Convicted prisoners released on license after serving 60 percent of their sentence generally will be required to register with Cayman’s National Workforce Development Agency if they are not already employed upon their parole date.
The regulations to the Conditional Release Law, which took effect Monday, state that license conditions shall include “that the prisoner engage in gainful employment and, if not employed, register with the National Workforce Development Agency or engage in community service work, as approved by the prisoner’s supervising officer.”
Special Assistant to the Deputy Governor, Peter Gough, said the requirement to work, or to actively search for employment, would be made for every person released on parole under the new law.
“They just can’t sit at home and do nothing,” Mr. Gough said.
According to probation supervision rules, no employment will be undertaken by prisoners on licensed release until it is approved by the office overseeing the prisoner’s parole.
NWDA Director Brian Holland said Monday that a requirement to register all offenders released under license would be new to the agency.
Mr. Holland said the NWDA currently serves a number of individuals in the Cayman Islands who are seeking work that have prior criminal records, but said there was no current requirement prior to Monday for all unemployed parolees to register.
Jobless registration is just one of several general conditions set for prisoners released on license under the new law. Others include requirements that the prisoner live in approved premises, that they shall not leave the Cayman Islands, barring “exceptional circumstances,” and that they must regularly report to the Department of Community Rehabilitation.
The Conditional Release Law, passed unanimously by legislators in October 2014, introduces a system that sets general guidelines for the release of prisoners on license conditions. It applies to all inmates, including juveniles, and to those already serving a life sentence without the possibility of parole.
In criminal cases, the sentencing guidelines – called tariffs – are largely left to the court’s discretion.
The only exception stated in the law is for murder offenses, which require a sentence of 30 years prior to any consideration of release on license. Even then, in cases where there are aggravated or extenuating circumstances surrounding the killing, the prison term can be set higher or lower by a judge.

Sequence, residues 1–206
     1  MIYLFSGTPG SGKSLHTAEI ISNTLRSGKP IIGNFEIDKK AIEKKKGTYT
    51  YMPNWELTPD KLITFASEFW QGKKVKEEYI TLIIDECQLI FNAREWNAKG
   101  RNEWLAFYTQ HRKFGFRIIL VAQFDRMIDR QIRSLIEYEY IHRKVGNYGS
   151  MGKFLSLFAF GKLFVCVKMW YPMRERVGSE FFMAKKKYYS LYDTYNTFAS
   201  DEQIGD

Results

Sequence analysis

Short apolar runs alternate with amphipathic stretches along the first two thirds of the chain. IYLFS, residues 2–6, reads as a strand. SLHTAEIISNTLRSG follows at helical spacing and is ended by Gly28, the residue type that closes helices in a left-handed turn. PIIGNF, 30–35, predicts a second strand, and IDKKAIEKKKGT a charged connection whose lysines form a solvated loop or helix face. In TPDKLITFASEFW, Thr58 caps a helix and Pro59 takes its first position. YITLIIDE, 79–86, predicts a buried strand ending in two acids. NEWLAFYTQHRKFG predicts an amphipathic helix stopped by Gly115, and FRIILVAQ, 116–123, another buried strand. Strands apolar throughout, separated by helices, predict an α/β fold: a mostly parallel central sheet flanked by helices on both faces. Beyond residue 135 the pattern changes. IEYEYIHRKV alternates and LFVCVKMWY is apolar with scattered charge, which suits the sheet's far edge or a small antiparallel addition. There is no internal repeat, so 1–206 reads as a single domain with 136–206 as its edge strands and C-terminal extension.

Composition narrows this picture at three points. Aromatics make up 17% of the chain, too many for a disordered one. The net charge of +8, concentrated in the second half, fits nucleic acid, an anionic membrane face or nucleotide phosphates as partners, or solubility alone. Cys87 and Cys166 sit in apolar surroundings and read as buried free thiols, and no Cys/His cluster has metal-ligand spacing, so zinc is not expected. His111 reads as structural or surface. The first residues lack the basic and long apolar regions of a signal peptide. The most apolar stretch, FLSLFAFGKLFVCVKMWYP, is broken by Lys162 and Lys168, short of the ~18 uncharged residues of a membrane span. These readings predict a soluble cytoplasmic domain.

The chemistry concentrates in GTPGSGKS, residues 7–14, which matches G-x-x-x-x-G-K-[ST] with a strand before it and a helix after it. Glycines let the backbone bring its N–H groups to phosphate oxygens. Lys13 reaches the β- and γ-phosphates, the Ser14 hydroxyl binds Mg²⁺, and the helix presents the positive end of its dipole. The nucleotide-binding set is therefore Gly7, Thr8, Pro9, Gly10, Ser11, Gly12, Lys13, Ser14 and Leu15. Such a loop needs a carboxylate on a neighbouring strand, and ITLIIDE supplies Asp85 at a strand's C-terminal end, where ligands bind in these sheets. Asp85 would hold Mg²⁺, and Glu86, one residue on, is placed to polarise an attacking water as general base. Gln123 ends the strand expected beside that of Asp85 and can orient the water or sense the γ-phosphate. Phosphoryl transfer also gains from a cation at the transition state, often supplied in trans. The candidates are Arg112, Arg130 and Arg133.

All other criminal offenses that carry more than a one-year sentence require the offender, under the Conditional Release Law, to serve at least 60 percent of that sentence in prison.
If the prisoner is deemed no longer to be a threat to the community, he or she will serve the remainder of the sentence under supervised release.
Sentences of a year or less require release after 60 percent of the jail term is served, barring exceptional circumstances.
Last spring, the government reported that, although nearly 1,600 Caymanians remained unemployed – according to statistical data – fewer than 600 had registered with the NWDA.
In recent months, the registrations have increased somewhat, but they have never reached anywhere close to the number of unemployed individuals believed to exist within the Cayman Islands.
The 600 figure represents only the unemployed. A number of other “underemployed” workers – those working part time – less than 37.5 hours per week – and those who are employed full-time, but are seeking new jobs are not included in those numbers.
The Cayman Islands Chamber of Commerce has suggested that all unemployed citizens who are seeking work in the Cayman Islands be required to register with the agency so that local companies will know precisely the “real” jobless numbers.
Premier Alden McLaughlin said in January that the 8.3 percent unemployment rate for Caymanians reported in 2015 remained “unacceptably high” and that government needed the private sector’s help to bring those numbers down. Mr. McLaughlin also pointed out that there were more than 22,000 work permit holders registered as being on island presently.
“While we must acknowledge that there are significant issues that stand in the way of employment for some Caymanians, this is simply not the case for most Caymanians,” Mr. McLaughlin said.